The potential involvement of Japan could be considered particularly worrisome, with Japan having a long history as a pivotal actor in promoting peace in the contested Asia-Pacific region. Japan ranked 10th on the Global Peace Index (GPI) in 2022, and has consistently ranked among the most peaceful countries in the world since the founding of the GPI. Article 9 of Japan’s constitution, created after the devastation of the Second World War, prevented the country from building up an aggressive military. However, in response to perceived threats from China’s rise and an unstable North Korea, Japan appears to be shifting away from its anti-militaristic sentiment and developing considerable first strike capabilities.
According to IEP’s 2022 Global Peace Index (GPI) report, the economic impact of violence in 2021 was $16.5 trillion, nearly 11% of global GDP. This represented an increase of $1.8 trillion from the previous year, and was the second year running that this figure has risen. This trend appears likely to continue due to tensions surrounding Taiwan, security concerns arising as a result of Russia’s invasion of Ukraine, and rising tensions in the Indo-Pacific region among the myriad of issues that have triggered a significant military build-up from the world’s most powerful nations.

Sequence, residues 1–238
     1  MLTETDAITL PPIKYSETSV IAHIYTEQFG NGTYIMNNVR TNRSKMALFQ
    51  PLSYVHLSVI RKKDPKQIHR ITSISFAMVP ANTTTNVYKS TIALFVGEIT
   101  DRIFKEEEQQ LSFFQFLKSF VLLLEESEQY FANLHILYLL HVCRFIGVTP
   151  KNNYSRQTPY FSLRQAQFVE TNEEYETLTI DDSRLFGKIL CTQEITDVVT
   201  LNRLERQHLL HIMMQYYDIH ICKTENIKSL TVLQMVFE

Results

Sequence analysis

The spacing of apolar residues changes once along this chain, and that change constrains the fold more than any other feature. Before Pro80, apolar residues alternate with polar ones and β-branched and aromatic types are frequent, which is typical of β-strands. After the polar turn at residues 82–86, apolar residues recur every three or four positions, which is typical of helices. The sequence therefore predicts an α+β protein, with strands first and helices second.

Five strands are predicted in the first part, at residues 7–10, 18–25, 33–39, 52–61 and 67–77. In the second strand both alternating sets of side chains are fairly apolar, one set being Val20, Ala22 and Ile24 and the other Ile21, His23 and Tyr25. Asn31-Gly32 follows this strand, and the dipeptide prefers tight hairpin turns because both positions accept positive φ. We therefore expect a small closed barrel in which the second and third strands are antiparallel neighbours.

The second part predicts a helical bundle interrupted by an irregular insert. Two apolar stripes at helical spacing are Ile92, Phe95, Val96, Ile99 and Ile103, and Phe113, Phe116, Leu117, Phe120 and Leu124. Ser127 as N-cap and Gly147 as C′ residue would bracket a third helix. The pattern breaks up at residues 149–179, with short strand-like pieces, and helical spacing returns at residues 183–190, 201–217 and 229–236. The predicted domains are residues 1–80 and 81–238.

As is often the case with any arms race, the pursuit of weapon superiority requires a large amount of military spending. The Pentagon’s 2023 budget for hypersonic research is $4.7 billion, an increase of $900 million from the previous year. This capital could play a vital role in addressing some of the critical issues facing the world, however with tensions rising, it is likely that this spending will only increase.
It is clear that multilateral and bilateral arrangements have thus far failed to limit the threat that hypersonic missiles pose. Perhaps most worryingly is the narrative around the potential role these weapons could play if a crisis were to break out in the Taiwan Strait.
Hypersonic missiles are not the cause of rising geopolitical tensions, however they are a symptom. While there are significant challenges posed by these weapons, they also present a unique opportunity. As with any new weapons technology, there are prospects for new regulatory treaties and multilateral engagements. The United Nations Office for Disarmament Affairs suggests that these agreements could promote restrictions on development and deployment. Furthermore, new avenues for dialogue could boost engagement and reduce strategic tensions.
President Xi Jinping and President Joe Biden’s recent meeting in Indonesia marked their first face-to-face meeting, and lowering tensions between their countries was high on the agenda. The Pandora’s Box of hypersonic missiles cannot be closed, but the international community can use their development as an opportunity to work together and build a framework that promotes dialogue and supports peace.